Sighing, Nate picked up the first of the term papers and began to read.
"ARE YOU SURE you'll be okay, Andy? I can't believe you're taking off for six weeks to share a tent with some guy you've never met. What if he's psychotic, or a serial killer or...?"
"I'll be fine, Donna. Don't worry. The man's a professor of ornithology at UC Berkeley, for crying out loud. The worst he can be is knock-kneed, bald, and old as the hills."
Andy Petersen pulled her thick, waist-length hair back in a ponytail, then searched through her jeans pocket for a rubber band. Failing to find one, she tied the mass of hair into a loose knot, then, hands on hips, faced her friend.
"Besides, Donn, they don't give tenure to serial killers. Anyway, I want this job." Narrowly avoiding ladders and saw horses, the wild movement of her hands punctuating her words, she paced restlessly around the cluttered room. "It's exactly what I need to build my reputation. It'll be good for the studio."
"Andy, the studio's just coming together. We've got at least two months of remodeling before we can open and--"
"And you're perfectly capable of handling it." Andy took a deep breath and looked directly into Donna's soft brown eyes. "I have to do this, Donn. Can't you see?" she pleaded. "This is the first time anyone of importance has wanted to hire me instead of my father. It's my chance."
"In spite of your father, you mean." Donna held up one hand, forestalling Andy's rebuttal. "I know that's not very nice to say, Andy, but it's true and you know it. He's taken jobs away from you. And we both know he's claimed credit for your work! He's not a very nice man even if he is your father."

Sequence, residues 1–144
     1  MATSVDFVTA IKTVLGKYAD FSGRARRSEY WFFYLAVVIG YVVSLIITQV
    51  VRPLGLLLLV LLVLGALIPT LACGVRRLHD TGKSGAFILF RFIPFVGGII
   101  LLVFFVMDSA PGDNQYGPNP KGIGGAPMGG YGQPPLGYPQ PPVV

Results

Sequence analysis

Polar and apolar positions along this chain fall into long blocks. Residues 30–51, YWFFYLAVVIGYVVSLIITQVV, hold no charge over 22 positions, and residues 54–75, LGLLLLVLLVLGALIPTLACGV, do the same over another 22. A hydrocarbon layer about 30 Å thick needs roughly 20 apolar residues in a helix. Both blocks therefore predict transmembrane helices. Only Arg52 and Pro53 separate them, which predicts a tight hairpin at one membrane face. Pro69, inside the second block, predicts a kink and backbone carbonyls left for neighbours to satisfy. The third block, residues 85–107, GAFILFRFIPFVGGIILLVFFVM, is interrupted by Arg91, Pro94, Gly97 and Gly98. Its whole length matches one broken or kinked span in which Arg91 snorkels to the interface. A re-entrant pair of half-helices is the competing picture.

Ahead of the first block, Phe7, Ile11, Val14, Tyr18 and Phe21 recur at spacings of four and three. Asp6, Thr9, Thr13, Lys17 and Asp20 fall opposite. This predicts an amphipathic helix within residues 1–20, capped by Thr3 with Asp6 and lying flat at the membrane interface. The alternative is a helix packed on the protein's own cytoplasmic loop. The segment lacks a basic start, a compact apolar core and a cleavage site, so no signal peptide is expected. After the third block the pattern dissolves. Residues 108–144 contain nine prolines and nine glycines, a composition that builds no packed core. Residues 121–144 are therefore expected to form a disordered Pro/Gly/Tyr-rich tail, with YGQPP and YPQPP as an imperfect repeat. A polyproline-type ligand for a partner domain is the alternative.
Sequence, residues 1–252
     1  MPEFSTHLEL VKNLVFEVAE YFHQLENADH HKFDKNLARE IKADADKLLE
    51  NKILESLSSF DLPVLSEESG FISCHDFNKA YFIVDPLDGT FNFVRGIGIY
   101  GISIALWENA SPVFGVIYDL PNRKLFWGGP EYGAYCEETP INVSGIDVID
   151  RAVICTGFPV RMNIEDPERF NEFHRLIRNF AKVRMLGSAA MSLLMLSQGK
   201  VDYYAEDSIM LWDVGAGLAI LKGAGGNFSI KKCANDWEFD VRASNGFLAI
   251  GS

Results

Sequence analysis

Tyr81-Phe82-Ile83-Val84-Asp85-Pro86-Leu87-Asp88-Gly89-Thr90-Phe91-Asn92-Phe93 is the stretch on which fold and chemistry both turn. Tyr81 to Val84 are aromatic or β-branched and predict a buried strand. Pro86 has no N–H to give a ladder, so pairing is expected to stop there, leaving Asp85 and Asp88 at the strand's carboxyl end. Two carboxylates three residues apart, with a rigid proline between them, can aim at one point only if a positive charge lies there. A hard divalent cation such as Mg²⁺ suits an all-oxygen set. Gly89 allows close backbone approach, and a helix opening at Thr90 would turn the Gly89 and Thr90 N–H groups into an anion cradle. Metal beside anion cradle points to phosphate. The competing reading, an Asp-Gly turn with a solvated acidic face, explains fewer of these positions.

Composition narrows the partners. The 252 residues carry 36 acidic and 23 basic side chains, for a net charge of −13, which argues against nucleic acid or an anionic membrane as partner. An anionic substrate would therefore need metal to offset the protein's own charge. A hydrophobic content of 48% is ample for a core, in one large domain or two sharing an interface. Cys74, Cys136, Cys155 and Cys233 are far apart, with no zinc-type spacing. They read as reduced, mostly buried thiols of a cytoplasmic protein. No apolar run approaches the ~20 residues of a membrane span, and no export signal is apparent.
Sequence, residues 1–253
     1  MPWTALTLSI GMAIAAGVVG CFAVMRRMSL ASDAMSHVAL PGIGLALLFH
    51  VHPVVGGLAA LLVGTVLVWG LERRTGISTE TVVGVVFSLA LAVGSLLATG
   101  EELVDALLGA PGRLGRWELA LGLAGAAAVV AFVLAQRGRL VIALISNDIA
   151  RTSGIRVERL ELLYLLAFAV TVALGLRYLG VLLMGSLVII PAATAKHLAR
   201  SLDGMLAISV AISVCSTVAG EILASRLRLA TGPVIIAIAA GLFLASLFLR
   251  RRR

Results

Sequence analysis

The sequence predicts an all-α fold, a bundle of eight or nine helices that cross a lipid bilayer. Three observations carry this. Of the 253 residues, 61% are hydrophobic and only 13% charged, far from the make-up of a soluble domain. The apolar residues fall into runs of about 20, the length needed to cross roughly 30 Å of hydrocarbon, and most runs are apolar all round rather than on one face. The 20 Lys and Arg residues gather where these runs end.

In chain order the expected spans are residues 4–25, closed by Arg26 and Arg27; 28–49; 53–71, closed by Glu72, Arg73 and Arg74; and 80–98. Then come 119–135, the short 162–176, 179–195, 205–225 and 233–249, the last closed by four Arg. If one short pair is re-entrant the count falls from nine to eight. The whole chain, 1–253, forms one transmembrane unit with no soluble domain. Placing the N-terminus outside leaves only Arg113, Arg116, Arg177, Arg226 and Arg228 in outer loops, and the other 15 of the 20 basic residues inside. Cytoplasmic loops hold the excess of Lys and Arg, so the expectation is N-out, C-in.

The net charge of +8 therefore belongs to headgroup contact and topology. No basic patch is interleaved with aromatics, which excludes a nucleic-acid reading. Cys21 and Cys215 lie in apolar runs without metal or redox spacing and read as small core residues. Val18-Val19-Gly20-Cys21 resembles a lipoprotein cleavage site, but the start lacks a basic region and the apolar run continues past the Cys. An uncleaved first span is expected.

"That's not fair, Donna. It only happened once."
"Well, it was a big once, and I don't know why you think you have to defend him."
"I don't know. I just do." Andy turned away. She knew what was coming next, and as usual, Donna didn't fail her.
"He should have married your mother."
Andy had her standard response ready. "My mother was a seventeen year old housekeeper. She'd never been out of her village. She didn't even speak English. She was no more ready to get married than he was. He could have left me in her village on the Yucatan Peninsula when she died, but he didn't."
"He could have treated you with a little more affection than he would a stray cat...but he didn't do that either."
"He didn't have to, Donna," Andy answered softly, knowing exactly how to end every argument the two of them had about Andrew Petersen. "I had you and your mom and dad and all the affection I needed."
"It just ticks me off. When he does notice you, he acts like he's invented you or something. He's such a control freak. You're better off living as far from him as you can. It's like he has to compete with you and always let you know he's better. And you know what, Andy, you're better than he ever was!"